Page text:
The move from Monongahela to Manhattan was quite a jolt for Gatto. The difference in society and values turned Gatto into an anthropologist and in the next twenty-six years he used his classes as a laboratory where I could learn a broader range of what human possibility is
and also as a place where I could study what releases and what inhibits human power.
Like so many university students, Gatto was taught by his professors that intelligence and talent were distributed throughout the population in bell curve predictability. But his experience as a teacher taught him differently. He writes:
The trouble was that the unlikeliest kids kept demonstrating to me at random moments so many of the hallmarks of human excellenceinsight, wisdom, justice, resourcefulness, courage, originalitythat I became confused. They didnt do this often enough to make my teaching easy, but they did it often enough that I began to wonder, reluctantly, whether it was possible that being in school itself, was what was dumbing them down. Was it possible I had been hired not to enlarge childrens power, but to diminish it? That seemed crazy on the face of it, but slowly I began to realize that the bells and confinement, the crazy sequences, the age-segregation, the lack of privacy, the constant surveillance, and all the rest of the national curriculum of schooling were designed exactly as if someone had set out to prevent children from learning how to think, and act, to coax them into addiction and dependent behavior.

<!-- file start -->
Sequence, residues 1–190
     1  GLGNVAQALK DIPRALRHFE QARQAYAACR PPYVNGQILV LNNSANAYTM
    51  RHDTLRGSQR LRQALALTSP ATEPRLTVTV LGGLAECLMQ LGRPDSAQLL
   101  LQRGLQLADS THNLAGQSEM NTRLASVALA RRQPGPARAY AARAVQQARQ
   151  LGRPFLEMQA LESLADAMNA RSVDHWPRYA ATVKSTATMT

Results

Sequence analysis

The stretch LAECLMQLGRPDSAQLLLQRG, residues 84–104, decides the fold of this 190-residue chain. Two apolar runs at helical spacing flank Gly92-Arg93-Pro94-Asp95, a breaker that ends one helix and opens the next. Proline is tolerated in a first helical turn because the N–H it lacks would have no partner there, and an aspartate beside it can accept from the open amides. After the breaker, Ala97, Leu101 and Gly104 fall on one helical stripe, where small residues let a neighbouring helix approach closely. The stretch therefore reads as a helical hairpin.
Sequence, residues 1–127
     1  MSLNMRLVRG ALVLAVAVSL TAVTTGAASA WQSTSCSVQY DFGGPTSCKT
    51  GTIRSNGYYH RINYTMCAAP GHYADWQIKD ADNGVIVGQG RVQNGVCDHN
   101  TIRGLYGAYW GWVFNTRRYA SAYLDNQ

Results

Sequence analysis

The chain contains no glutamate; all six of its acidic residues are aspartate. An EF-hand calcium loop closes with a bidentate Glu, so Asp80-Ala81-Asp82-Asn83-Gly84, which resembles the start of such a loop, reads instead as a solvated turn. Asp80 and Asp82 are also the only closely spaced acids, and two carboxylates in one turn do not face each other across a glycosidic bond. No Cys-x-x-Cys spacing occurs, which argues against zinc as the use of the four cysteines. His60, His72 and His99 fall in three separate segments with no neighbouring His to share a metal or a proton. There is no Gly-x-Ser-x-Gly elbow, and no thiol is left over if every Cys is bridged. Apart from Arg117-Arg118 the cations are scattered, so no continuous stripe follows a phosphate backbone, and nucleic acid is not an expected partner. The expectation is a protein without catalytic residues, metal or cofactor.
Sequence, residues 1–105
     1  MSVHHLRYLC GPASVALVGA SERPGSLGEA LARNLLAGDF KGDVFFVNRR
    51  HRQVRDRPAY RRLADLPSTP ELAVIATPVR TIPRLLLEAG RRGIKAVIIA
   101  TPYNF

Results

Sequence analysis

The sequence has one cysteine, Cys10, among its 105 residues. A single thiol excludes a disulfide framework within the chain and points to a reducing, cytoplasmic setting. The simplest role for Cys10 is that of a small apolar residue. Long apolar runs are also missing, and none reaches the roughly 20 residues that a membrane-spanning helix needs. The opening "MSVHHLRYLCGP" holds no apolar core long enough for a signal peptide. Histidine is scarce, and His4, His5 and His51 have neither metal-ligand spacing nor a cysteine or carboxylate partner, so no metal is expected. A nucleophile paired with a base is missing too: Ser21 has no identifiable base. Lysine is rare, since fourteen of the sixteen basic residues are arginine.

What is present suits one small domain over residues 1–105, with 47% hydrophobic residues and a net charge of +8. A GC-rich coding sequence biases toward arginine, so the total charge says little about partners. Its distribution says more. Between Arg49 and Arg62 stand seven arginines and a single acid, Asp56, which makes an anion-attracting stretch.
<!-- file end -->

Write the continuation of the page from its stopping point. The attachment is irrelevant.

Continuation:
These insights led Gatto to develop a teaching style completely opposite to the methodology taught in the university. He writes:
Bit by bit I began to devise guerilla exercises to allow the kids I taughtas many as I was ablethe raw material people have always used to educate themselves: privacy, choice, freedom from surveillance, and as broad a range of situations and human associations as my limited power and resources could manage
.I dropped the idea that I was an expert, whose job it was to fill the little heads with my expertise, and began to explore how I could remove those obstacles that prevented the inherent genius of children from gathering itself.